Monday, 17 November 2014

Reading Week

Holiday Reading.

Mr Norfolkbookworm and I have just spent a week in the Canary Islands as we set ourselves up for winter by absorbing some more vitamin D, typically of course this year autumn has been splendid and the weather only really broke here just as we went but still a week away was wonderful.

This week also coincided with uni reading week but I'm not actually sure that this meant spend a week reading fiction but as I am up-to-date on the course work I wasn't too worried I'd fall behind.

Instead I spent 7 glorious days reading whatever I fancied and as the weather was good I got through an obscene amount of books - 14 and 2 halves (one I gave up on and one I've still to finish).

In no particular order and with just a few comments rather than reviews the books read were:

The Promised Land - Erich Maria Remarque 
Most famous for his anti WW1 novel All Quiet on the Western Front this is a fascinating book about emigres to America during WW2 and follows one man as he settles into life in New York. This is the first time the book has been translated into English and was unfinished when he died - this gives the book an abrupt ending but it was very good.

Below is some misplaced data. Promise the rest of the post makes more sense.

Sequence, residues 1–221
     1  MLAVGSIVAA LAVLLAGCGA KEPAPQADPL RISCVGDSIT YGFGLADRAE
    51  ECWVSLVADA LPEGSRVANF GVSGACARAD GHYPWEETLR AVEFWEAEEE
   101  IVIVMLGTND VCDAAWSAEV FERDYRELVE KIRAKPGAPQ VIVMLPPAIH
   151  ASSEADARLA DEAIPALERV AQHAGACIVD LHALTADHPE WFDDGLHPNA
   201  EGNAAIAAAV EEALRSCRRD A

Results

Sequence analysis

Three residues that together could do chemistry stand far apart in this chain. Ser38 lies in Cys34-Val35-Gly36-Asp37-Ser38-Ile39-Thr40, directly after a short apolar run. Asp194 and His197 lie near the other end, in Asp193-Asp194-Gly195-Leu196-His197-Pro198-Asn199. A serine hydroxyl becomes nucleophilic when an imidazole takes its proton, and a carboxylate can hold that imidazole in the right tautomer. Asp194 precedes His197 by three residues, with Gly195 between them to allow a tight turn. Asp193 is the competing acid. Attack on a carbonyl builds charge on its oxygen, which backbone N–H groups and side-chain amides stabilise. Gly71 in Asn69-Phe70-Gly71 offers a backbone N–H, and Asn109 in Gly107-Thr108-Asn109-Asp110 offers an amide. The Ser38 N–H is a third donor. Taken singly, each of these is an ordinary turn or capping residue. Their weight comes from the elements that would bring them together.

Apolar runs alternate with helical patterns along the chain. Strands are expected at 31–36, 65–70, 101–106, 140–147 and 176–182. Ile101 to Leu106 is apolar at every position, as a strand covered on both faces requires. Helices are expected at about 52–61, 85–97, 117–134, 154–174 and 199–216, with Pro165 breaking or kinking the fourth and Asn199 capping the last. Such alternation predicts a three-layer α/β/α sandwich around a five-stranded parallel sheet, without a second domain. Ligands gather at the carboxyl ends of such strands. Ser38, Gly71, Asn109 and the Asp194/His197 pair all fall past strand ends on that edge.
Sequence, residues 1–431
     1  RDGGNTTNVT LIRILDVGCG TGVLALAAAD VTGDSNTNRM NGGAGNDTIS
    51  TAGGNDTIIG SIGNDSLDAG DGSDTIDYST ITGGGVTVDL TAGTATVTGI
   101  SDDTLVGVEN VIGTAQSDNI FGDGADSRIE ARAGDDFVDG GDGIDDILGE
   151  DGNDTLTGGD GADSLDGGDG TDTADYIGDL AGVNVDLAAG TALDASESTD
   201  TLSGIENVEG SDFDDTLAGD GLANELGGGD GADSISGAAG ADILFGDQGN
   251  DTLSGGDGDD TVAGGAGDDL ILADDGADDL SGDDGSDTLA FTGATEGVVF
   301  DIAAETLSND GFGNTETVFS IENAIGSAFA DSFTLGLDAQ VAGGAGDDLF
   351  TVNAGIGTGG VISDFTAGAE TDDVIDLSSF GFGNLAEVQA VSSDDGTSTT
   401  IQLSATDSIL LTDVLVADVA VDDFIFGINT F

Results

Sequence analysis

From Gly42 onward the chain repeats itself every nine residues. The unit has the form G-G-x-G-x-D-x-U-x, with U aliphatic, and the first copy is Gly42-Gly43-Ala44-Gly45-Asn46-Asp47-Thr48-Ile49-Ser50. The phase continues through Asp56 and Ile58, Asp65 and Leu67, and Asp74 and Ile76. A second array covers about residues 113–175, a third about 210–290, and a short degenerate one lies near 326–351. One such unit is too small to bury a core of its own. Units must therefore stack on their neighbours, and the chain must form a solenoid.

The Possibilities - Kaui Hart Hemmings 
From the author who wrote the book and Oscar winning film The Descendents. This was a slight tale of a woman coming to terms with the death of her son and the realisation that she didn't actually know him very well. It was all set in a ski resort and I think that I got more out of this book from having visited Mammoth in California than I would have done without knowing the type of town the book was set in. A slight read that passed the time but that will fade quickly from my memory.

Burial Rites - Hannah Kent 
From the blurb on the back of this book I really thought it wasn't for me but it just goes to show you shouldn't judge a book by a cover.  Set in Iceland in the 1800s a convicted murderess is sent to live with a family while she awaits execution and slowly the tale unfolds.  This isn't a crime story per se but is utterly compelling and an intelligent page turner which I really recommend.